As a society, we’re continually striving for better healthcare solutions. True innovation in this space can take all forms – products, services, instruction tools, organisational management, changes to legislation etc. One such imminent change in the UK is the switch over to ‘opt-out’ organ donation, effective from May 2020.
By automatically opting-in the majority of the population, the NHS is removing the hurdle of signing-up for those who are willing but unregistered and deciding for those who are indifferent. A clever way to drastically increase the availability of donated organs and a step towards better national health.
This is raising conversations about the perception of organ donation in the UK and our willingness to donate our flesh and blood, both during life and after death. What does organ donation mean to people? What’s the significance? What’s driving and motivating whether people are willing to donate their organs?
It also makes you wonder how people would feel about donating their biomedical data for better collective healthcare. It may be that in our digital world of disease modelling, 3D-printed organs and predictive medicine, donating your digital self could be of equal – if not more – use than donating your physical self.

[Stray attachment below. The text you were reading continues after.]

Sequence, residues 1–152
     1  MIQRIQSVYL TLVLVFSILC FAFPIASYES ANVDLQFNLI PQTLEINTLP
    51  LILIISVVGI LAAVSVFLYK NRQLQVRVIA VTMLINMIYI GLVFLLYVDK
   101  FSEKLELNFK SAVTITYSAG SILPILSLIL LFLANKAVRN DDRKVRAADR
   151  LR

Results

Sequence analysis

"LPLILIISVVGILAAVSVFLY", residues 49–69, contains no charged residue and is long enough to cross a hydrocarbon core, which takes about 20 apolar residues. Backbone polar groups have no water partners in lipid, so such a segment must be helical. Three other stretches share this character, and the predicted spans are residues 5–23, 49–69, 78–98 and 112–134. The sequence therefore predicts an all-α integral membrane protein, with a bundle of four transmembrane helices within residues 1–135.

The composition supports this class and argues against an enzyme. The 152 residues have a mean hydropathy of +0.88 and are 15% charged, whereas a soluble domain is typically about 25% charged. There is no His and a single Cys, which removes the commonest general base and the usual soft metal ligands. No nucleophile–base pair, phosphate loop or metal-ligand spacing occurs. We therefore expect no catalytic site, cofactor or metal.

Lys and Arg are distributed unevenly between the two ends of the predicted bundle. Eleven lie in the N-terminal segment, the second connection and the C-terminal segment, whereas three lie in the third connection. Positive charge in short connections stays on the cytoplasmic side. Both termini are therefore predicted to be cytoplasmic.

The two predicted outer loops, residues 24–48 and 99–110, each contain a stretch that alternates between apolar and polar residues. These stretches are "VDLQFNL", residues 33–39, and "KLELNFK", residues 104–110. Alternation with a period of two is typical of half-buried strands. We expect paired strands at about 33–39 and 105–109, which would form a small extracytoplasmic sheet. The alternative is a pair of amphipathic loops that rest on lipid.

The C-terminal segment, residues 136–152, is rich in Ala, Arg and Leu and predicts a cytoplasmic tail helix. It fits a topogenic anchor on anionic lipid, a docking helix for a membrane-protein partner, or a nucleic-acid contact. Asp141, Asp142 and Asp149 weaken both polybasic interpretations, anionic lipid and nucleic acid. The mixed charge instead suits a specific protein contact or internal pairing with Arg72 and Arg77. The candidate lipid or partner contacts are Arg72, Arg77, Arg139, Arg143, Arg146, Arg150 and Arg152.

At Recipe, we monitor the ways people collect, examine and interpret their biological data and we see how the drivers behind these behaviours are shifting and varying. We’re interested in understanding how people are making sense of what their health data can do for them and others, how meanings are evolving alongside the technology enabling these advancements and what the products and services that deliver health data management should look and feel like.
A key signifier for mass health data donation was announced in Apple’s most recent keynote. The ‘Research’ app allows users to contribute data collected by their Apple Watch to three large medical studies run in collaboration with health organisations, investigating hearing health, menstrual health and heart health.
By allowing clinicians to better understand the inter-relationship between everyday symptoms and behaviours, this data can help predict how they contribute to our health in the long-term. As Tim Cook stressed, just by opting-in and going about your daily life, the data collected by your Apple Watch could have a direct impact on the health and wellness of your great-great-grandchildren.
Across other industries, we’re seeing initiatives that invite people to donate their data ‘for the greater good’. From thermostat data driving sustainable living solutions, to social media interactions contributing to better scientific understanding of emotional and mental health. There’s even a Chrome extension that monitors your online activity and donates the proceeds from the data’s sale to your chosen charity.
What other services, apps or products will we be seeing in future years that not only help us manage our own health data better, but give us the opportunity to actively contribute it to the pursuit of better healthcare for everybody?
And how will people approach the idea of donating their biometric or activity data? Too risky to share – potentially damaging if the data is mishandled? Or our moral obligation we all have – a duty to our fellow human beings?